Salman Rushdie turns a marvelous phrase in Haroun and the Sea of Stories, as Rashid the genius-storyteller (whose nickname is The Shah of Blah, and who resembles Rushdie not a little) dips into magical "Oceans of Notions" to come up with his fantastic tales. When his story-ocean runs dry he loses his creativity ... and that's a central theme of the novel.
What grabs me and pins me down about that image is Ocean itself — such a marvelous, overwhelming, incontrovertible fact — unchanged and ever-changing, bounded and semi-infinite — like life. Oceanic metaphors are among the most powerful I know. Among my favorites:
Charles Dickens's comment in A Christmas Carol, about human duty:
"Mankind was my business. The common welfare was my business; charity, mercy, forbearance, and benevolence were all my business. The dealings of my trade were but a drop of water in the comprehensive ocean of my business!"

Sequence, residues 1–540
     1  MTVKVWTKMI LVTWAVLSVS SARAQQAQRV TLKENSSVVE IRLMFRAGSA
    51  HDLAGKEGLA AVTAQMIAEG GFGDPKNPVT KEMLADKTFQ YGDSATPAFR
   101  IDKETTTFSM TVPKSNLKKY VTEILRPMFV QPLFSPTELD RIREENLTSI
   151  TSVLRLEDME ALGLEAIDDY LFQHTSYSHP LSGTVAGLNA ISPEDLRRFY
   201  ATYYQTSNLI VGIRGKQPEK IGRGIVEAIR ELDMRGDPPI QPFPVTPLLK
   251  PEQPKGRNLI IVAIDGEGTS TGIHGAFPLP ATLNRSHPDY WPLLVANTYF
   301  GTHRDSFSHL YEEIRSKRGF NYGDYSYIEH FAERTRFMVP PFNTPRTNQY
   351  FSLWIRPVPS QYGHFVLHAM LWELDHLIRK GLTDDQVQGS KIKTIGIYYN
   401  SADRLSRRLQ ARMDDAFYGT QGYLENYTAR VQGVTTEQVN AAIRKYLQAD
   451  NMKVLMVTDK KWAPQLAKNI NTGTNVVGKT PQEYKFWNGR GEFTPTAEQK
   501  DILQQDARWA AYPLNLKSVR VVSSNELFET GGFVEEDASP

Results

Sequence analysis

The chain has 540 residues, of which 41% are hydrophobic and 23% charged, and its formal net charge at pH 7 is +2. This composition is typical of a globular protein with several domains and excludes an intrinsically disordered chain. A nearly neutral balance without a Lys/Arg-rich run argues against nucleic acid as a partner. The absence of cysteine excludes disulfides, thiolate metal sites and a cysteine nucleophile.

Beethoven's words about Johann Sebastian Bach (punning on JSB's surname):
"This is not a brook, this is an ocean!" ("Das ist nicht ein Bach, das ist ein Meer!")
Albert Schweitzer's thoughts on humanitarianism:
"Of all the will toward the ideal in mankind only a small part can manifest itself in public action. All the rest of this force must be content with small and obscure deeds. The sum of these, however, is a thousand times stronger than the acts of those who receive wide public recognition. The latter, compared to the former, are like the foam on the waves of a deep ocean."
Isaac Newton's modest self-description:
"I do not know what I may appear to the world; but to myself I seem to have been only like a boy playing on the seashore, and diverting myself in now and then finding a smoother pebble or a prettier shell than ordinary, whilst the great ocean of truth lay all undiscovered before me."